I have overseen building testing areas in the new lab since 2018.
I first joined the company as a clinical test technician and was involved in testing practice in Kyoto for about five years.
Then a project for the H.U. Bioness Complex was launched, and the project leader named me by commenting that a person who knows the site would have the right focus.
Put simply, my job is to create an easy-to-work environment for those involved in testing.
Specifically, assisting and managing the testing, verification of new test equipment and systems, as well as the equipment and fixtures of each test laboratory.
At the same time, I conduct hearing from people in various departments and summarize their requests, connect them with external stakeholders, and resolve issues across various genres.
To be more specific, I have examined and determined the location and number of outlets in each lab, as well as sinks for washing instruments considering the equipment to be installed.
It's hard to see through all the issues without miss, but when I see the finished system up and running, I feel it was really worth it.
When I first set foot in the finished T-Cube Building, I got very emotional.
I don't think there are any examples of such a large site or facility of this size in other test centers.
I'm honestly glad to be involved in such a big project.
In the future, I hope to improve overall level of completion, including operations.
There are many places I like, but I feel a strong attachment with T-Cube, with which I have been involved from before the building works started to the system completion.
Each floor in T-Cube has a pure white hallway where our strengths are expressed in a variety of graphic messages.
For example, "Special Lab for Advanced Tech" to express the cutting-edge technology and test environment, "Big Data Analytics" to showcase the overwhelming amount of empirical value and data, "Our People, Our Brand" to introduce our test team full of specialists, and "Accelerating Innovation" to express a living lab that continues to evolve through collaboration between testing and research.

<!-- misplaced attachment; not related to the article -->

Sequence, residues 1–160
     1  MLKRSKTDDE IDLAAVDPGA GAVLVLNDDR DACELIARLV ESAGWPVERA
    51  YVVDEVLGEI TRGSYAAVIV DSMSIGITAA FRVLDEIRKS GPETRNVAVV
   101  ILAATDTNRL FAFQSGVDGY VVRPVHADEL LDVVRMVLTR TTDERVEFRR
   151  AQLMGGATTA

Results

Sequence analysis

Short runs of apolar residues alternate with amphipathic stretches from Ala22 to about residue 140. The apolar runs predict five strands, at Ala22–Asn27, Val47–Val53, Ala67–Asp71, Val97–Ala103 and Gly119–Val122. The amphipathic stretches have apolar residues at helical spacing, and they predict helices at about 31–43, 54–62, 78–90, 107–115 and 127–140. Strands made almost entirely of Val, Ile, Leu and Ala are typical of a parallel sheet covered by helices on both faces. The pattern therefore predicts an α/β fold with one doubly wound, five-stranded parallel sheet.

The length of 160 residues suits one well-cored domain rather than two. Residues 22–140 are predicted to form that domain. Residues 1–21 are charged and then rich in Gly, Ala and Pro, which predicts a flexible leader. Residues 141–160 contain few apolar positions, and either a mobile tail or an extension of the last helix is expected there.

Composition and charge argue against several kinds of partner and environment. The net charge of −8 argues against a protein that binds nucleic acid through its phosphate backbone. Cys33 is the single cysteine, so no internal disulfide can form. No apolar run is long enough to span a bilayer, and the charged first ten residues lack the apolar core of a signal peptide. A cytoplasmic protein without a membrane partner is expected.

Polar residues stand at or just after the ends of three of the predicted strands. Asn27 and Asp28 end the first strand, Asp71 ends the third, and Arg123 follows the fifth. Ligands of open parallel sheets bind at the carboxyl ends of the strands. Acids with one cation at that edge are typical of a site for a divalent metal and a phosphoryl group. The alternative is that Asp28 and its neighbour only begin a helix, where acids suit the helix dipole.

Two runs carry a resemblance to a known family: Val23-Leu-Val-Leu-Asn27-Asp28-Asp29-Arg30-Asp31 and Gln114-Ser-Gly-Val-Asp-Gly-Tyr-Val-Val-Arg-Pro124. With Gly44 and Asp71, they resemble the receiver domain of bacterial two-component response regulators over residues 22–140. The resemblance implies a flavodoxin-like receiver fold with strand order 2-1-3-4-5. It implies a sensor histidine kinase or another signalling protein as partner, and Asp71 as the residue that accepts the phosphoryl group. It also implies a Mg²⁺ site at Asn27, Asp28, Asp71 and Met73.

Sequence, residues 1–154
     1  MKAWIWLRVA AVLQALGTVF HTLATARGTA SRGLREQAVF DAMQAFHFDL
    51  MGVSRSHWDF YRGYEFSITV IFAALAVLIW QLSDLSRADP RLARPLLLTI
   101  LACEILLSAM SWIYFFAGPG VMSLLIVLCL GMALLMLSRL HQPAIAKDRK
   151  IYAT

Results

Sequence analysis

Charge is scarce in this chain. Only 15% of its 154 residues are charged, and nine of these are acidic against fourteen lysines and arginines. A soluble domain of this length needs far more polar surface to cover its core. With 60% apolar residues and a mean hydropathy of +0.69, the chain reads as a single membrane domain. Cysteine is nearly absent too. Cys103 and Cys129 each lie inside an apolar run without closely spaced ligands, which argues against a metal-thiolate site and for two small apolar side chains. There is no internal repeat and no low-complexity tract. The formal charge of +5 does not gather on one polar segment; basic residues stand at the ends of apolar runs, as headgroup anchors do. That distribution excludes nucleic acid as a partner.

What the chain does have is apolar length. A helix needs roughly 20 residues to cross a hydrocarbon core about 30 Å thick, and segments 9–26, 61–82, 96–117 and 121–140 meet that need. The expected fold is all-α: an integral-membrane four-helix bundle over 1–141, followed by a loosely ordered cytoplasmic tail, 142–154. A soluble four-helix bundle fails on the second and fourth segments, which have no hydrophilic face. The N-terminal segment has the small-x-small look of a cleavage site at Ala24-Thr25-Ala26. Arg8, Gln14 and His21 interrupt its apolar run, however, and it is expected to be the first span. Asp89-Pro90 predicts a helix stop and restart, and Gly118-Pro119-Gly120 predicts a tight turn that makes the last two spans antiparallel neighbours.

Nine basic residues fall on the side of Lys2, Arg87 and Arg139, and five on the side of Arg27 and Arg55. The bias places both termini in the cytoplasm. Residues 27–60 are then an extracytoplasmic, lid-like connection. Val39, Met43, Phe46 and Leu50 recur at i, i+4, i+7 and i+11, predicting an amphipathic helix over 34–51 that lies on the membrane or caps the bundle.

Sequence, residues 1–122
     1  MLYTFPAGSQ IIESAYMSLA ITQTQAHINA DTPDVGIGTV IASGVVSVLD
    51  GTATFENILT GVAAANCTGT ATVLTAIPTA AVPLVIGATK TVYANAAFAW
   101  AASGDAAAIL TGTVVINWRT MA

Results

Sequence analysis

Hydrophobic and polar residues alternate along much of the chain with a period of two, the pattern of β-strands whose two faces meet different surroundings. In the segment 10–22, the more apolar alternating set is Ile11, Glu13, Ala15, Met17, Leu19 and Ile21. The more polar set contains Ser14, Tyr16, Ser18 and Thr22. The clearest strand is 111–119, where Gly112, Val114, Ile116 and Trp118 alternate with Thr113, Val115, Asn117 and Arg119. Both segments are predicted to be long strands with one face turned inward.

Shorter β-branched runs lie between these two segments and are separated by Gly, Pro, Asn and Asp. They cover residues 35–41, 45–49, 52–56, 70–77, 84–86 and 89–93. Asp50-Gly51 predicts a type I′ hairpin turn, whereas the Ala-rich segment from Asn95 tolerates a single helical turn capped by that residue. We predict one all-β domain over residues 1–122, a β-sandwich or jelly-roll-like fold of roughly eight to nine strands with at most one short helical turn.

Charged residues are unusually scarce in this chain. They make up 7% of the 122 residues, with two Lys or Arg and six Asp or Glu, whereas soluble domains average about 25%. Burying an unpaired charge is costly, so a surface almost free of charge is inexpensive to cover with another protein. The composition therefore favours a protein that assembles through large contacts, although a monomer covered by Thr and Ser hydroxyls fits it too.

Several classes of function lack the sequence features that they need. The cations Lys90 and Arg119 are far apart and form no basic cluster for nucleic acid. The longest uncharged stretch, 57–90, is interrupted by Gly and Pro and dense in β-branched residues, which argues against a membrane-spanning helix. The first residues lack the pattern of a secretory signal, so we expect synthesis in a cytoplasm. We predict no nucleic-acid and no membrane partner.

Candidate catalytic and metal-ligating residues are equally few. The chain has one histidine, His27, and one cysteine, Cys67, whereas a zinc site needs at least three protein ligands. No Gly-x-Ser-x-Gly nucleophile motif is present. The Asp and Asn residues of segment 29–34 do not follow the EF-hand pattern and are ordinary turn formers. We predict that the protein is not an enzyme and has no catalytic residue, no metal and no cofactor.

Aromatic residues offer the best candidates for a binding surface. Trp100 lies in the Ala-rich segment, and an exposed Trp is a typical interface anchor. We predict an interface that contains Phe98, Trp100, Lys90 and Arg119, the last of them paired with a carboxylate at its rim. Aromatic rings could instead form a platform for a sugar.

The pictogram-style design is very sophisticated and impressive.
We get naturally inspired by seeing these signs casually every day.
As a building too this place has many interesting things.
For example, if you look from the end of the hallway to the opposite end, the left and right entrances are like infinite white squares superimposed, which is a masterstroke.
It feels like entering a white-painted trick room.
Even just the length of the hallway makes you feel the real scale of this facility.
The advantage of deploying much test equipment on a single wide floor is that mutual follow-up and knowledge sharing between sections are smooth, and everyone can always upgrade their skills and learn to multitask.
A positive cycle is likely to emerge and the atmosphere at work is very good.
Other than these, I also quite like the corridor going to the cafeteria.
It's less than 5 minutes one way to the cafeteria, even using the stairs to change the floor in T-Cube.
During lunch hours and breaks, while admiring the outside views, you can talk a slow walk along the organic curves that differ from inside T-Cube and the gentle undulations of the terrain.
That 5 minutes help you feel reset and organize what you will do when you get back...
At dusk and lit up after sunset , the courtyard is also lovely.
And not to forget how on summer nights, a lot of beetles come lured by the lights.
The beetles come out, don't they? This is also my little My Wow!